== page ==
We’re in Sicily!

Melanie here! Giving Doug a break from writing.

Sicily. So excited be here! We arrived late, having lost a chunk of Palermo time to a cancelled flight from Naples.  But that’s ok- as always we made the most of the time we had.

I really liked Palermo. During trip planning, some people told us “get out of there as quickly as you can”.  Others said otherwise. I fall in the otherwise camp. Arriving late on Friday we ventured out from our hotel at 10pm, and came across a “city that never sleeps” street filled with restaurants, wine bars and people strolling. A midnight to bed for us on this first night with no complaints. Doug did a great job finding us a wonderful hotel – beautiful, central, friendly and super helpful hosts. A great way to start our Sicilian adventure.

Saturday started with a food tour with Streaty. We always enjoy food tours, because in addition to trying foods we wouldn’t otherwise, we get a walking tour with a knowledgeable local guide who tells us about local culture and history. Angelo from Streaty didn’t disappoint. He was especially earnest when talking to us about the Mafia. His great uncle was a victim. He didn’t think there was anything funny about that era of the city’s history, even if the movies made were entertaining, and expressed that folks in Palermo do not want to be thought of as the mafia city.

After our food tour, we visited Teatro Massimo, Palermo’s beautiful opera house which is the third largest in Europe behind Vienna and Paris, and generally explored the city. The architecture of the city is beautiful. Palermo was settled by the Arabs, then conquered by the Normans, then the Romans, and still today is a multicultural and architectural patchwork that reflects a combination of these influences.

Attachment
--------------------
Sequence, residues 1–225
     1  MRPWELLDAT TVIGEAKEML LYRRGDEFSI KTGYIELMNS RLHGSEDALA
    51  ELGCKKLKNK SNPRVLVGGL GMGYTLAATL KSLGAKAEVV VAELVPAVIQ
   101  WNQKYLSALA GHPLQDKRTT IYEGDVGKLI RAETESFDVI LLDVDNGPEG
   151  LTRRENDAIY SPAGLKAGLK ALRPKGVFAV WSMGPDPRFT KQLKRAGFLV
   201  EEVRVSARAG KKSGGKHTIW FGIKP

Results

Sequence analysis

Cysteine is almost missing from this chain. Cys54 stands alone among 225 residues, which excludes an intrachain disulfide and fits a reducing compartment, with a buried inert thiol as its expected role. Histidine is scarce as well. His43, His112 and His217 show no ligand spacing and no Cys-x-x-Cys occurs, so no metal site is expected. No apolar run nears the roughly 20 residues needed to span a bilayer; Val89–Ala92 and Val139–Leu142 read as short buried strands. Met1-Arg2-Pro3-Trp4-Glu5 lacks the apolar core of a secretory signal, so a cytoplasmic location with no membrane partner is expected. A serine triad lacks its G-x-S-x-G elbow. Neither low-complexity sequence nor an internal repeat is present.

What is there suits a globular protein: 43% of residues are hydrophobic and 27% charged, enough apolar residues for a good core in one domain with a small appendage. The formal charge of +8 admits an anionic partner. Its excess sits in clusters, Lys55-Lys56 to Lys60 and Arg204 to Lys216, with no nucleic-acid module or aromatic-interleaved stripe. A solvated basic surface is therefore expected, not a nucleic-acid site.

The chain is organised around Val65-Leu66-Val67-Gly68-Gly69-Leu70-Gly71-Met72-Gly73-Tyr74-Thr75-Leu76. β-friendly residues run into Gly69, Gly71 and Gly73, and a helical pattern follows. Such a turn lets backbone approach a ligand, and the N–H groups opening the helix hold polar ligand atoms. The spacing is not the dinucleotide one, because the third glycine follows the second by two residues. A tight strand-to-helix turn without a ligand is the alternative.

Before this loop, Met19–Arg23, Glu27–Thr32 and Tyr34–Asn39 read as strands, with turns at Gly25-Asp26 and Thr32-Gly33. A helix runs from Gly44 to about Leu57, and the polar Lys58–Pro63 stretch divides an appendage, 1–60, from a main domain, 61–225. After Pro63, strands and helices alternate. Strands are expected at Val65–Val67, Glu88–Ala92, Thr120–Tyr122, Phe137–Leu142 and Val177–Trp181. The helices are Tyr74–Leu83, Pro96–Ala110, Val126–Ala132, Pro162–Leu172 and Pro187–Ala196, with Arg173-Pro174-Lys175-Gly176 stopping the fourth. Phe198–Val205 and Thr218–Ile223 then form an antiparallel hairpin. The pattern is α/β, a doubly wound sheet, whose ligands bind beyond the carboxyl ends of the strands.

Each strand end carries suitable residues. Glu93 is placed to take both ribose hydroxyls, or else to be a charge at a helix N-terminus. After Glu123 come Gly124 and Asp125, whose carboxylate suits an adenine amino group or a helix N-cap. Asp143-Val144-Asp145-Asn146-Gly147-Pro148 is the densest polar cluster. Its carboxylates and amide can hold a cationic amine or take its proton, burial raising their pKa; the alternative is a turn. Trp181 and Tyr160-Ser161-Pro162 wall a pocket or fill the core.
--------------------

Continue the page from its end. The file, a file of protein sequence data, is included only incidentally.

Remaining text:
The next day, rental car in hand, we visited the hilltop, mosaic-rich Monreal cathedral, on our way to Trapani.

Monreal cathedral

In Trapani, a cable car took us high to the ancient city of Erice. Today it’s a touristy village with famous pastry shops.


Dinner in Trapani that night included a conversation that we were starting to feel rushed and trying to cram in too much. This, despite having what we thought was the luxury of 10 days in Sicily. So we decided that the next day we would ditch some of the “nice to do” sites we had planned in order to focus on the grand prize, unhurried time in Agrigento to visit the Valley of the Temples. I’m a sucker for Greek and Roman ruins, and this site is the one of the most well preserved Greek sites in the world. We’ve been fortunate to spend time in Greece at the Acropolis (wow!), Olympia (incredible to picture the olypmians competing there), and Delphi (probably one of the most beautiful Greek sites I’ve seen). Agrigento was a fantastic addition to all of this.

Agrigento – Valley of the Temples

Next up, we continue our counter-clockwise tour of Sicily, visiting Ragusa, Taormina, Mt Etna and more. Stay tuned.

Passaggio in Sorrento

One of the great Italian customs is Passaggio – the evening stroll before dinner. On our last night in Sorrento we joined the locals, expats and tourists on Corso Italia, a pedestration Main Street. We then wound our way through the older Greek Quarter – now packed with vendors of leather and lemon products. And finally down to the fishing harbor for a could-not-be-fresher seafood dinner. Goodbye & grazie Sorrento, Scicily here we come!

The Path of the Gods

Winding its way along the rocky coast through lemon and olive groves, The Path of the Gods descends from the mountain town of Bomerano to the seaside in Positano. With a name like that, this hike had a lot of built in expectations. Fortunately it didn’t disappoint.